November in Figures

November 30, 2009

November was a spectacular month for gold prices and saw North American and Japanese stocks follow incredibly divergent paths.  Short-term interest rates remained anchored at very low interest rates, and bond yields, which had risen in October, relinquished all those increases and more.  The dollar, pound and kiwi traded significantly lower against the euro, Swissy, Australian dollar and especially the yen.  Japan’s currency strengthened to as high as 84.83 per dollar, just 6.2% from its all-time peak of 79.85 in April 1995 and closed with a net gain against the dollar of 4.3%.  A similar advance and associated loss of competitiveness occurred against the Chinese yuan.  Beijing officials in numerous negotiations during the month refused to compromise on their policy of fixing the yuan at roughly 6.83 per dollar.  The conspicuous drop of Japan’s stock market is a ramification of the increasingly overvalued yen and a continuing cause of the economy’s chronic deflation. 

In the early 1970s, a debate was raging over the relative merits of f
ixed versus floating exchange rates.  It was a time when the U.S. Treasury could not cope with the rigidities of a pegged dollar, and market forces selected a new international monetary regime before academic economists could agree on the answer.  Many analysts welcomed the change, mindful that America’s painful effort to stay on the gold standard had aggravated the U.S. depression.  Britain’s business cycle, in comparison, became less severe when its government abandoned the gold standard relatively early.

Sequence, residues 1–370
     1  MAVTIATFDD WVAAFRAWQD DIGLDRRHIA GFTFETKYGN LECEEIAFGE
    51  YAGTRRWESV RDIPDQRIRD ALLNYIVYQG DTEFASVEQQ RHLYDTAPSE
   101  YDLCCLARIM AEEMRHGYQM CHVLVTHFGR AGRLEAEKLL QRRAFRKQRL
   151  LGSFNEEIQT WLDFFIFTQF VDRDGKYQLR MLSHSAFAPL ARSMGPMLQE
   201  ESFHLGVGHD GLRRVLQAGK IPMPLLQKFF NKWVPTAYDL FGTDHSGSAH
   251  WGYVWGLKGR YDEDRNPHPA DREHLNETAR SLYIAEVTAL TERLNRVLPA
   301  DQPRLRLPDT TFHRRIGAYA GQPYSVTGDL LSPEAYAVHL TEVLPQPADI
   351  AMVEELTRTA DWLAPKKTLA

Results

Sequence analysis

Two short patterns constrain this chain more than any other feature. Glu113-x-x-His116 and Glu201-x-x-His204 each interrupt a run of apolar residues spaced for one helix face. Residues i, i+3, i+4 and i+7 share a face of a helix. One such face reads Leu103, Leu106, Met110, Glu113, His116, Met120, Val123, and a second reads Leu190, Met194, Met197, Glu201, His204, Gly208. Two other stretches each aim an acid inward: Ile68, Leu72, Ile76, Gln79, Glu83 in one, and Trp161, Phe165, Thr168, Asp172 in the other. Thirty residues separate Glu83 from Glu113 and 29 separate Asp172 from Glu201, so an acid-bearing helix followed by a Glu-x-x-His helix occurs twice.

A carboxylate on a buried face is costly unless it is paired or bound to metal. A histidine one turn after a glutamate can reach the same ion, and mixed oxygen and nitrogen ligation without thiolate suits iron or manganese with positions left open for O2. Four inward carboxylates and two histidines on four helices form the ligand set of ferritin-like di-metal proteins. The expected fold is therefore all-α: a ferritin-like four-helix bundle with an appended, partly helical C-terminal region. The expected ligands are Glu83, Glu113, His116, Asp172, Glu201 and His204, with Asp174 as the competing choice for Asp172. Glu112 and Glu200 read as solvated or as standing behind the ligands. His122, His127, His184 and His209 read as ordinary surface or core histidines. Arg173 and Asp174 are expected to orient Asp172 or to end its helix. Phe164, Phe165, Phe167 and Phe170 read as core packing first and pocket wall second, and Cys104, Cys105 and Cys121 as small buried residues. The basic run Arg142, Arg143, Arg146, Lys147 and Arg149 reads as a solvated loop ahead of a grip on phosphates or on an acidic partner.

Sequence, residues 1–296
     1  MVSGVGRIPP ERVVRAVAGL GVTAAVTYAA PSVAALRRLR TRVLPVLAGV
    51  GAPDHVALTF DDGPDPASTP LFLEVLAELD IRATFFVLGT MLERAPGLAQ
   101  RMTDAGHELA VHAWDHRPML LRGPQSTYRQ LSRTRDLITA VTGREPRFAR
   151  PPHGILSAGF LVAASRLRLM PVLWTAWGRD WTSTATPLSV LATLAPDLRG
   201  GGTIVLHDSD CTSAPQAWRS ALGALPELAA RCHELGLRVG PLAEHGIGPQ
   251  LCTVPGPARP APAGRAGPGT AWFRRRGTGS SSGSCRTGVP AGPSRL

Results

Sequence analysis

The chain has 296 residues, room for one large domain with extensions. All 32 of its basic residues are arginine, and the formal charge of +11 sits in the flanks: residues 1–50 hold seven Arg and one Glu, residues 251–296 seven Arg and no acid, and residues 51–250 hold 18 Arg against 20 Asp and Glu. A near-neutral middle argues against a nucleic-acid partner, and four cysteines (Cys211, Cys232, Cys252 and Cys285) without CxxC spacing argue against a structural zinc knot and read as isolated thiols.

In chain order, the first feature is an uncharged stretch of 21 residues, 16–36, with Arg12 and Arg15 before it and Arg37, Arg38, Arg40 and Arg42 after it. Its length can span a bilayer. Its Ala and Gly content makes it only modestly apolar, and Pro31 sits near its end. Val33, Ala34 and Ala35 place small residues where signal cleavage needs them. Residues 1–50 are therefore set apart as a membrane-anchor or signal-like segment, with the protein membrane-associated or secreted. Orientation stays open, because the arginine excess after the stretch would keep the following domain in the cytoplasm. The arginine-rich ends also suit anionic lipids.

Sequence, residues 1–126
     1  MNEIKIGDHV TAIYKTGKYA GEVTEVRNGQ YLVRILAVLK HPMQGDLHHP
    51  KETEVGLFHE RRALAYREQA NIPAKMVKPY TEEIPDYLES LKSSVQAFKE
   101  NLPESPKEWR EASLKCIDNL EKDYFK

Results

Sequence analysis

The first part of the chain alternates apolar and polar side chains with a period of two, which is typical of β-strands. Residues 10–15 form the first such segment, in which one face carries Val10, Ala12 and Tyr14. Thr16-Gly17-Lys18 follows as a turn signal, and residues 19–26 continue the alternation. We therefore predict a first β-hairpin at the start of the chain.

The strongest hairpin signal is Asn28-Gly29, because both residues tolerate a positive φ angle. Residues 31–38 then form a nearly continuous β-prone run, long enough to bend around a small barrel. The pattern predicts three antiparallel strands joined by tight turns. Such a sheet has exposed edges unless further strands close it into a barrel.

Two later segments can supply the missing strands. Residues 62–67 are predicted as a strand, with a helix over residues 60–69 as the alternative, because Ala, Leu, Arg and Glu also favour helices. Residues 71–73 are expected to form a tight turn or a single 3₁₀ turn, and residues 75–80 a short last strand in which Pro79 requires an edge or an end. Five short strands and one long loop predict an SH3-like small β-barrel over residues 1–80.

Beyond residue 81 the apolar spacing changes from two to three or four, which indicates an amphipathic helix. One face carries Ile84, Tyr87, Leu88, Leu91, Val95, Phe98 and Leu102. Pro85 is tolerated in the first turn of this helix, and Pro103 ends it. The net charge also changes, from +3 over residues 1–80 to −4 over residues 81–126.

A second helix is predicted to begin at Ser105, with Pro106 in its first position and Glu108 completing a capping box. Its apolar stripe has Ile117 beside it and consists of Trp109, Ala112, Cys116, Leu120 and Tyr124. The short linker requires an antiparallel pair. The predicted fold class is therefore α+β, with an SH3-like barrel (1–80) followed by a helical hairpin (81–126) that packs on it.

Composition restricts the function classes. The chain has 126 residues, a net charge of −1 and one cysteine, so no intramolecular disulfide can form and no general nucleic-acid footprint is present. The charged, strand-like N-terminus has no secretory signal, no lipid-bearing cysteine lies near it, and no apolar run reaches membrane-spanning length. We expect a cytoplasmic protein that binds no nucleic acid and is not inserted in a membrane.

The Great Recession in some respects has created a similar laboratory in which to compare and contrast fixed and floating exchange rates.  As a bastion of fixed exchange rates, China experienced the earliest and most dramatic return to brisk economic growth.  Floating exchange rate mechanisms, on the other hand, have produced exaggerated currency swings and, in certain instances like the yen and dollar, counter-intuitive directionality.  Although GDP fell less sharply in the United States than Europe or Japan, the dollar is weaker on balance, and recoveries in Japan, Europe and Canada could be jeopardized by appreciating currencies, especially if these patterns are not contained.  Moreover, badly needed global structural adjustments — for example, more U.S. savings and a rotation of Chinese, German, and Japanese growth toward consumption and away from exports and investment — are being impeded because the world, as in the early 1930s, operates with elements of both fixed and floating exchange rates.


10-Yr Yield 10/30/09 11/30/09 Chg vs End-Oct
U.S. 3.39% 3.16% -23 Basis Points
Germany 3.23% 3.16% -7
Japan 1.42% 1.27% -15
U.K. 3.62% 3.52% -10
Canada 3.42% 3.22% -20
3-month euros      
U.S. 0.28% 0.26% -2 Basis Points
Euroland 0.67% 0.68% +1
Japan 0.35% 0.30% -5
U.K. 0.59% 0.61% +2
Canada 0.50% 0.50% 0
Swiss 0.29% 0.25% -4
FX     Pct Chg in US$
EUR/$ 1.4704 1.5005 -2.0%
$/JPY 90.01 86.33 -4.1%
$/CHF 1.0264 1.0054 -2.0%
GBP/$ 1.6417 1.6440 +0.1%
AUD/$ 0.8990 0.9145 -1.7%
NZ$/$ 0.7162 0.7156 +0.1%
$/CAD 1.0829 1.0561 -2.5%
Equities     Pct Change
Nasdaq 2045 2145 +4.9%
Djia 9713 10345 +6.5%
Dax 5415 5626 +3.9%
Nikkei 10035 9346 -6.9%
Ftse 5045 5191 +2.9%
Canada TSE 10911 11447 +4.9%
Swiss SMI 6286 6261 -0.4%
Commodities     Pct Change
Oil, $ per brl 77.00 77.28 +0.4%
Gold, $ per oz 1045.40 1179.60 +12.8%

Copyright Larry Greenberg 2009.  All rights reserved.  No secondary distribution without express permission.


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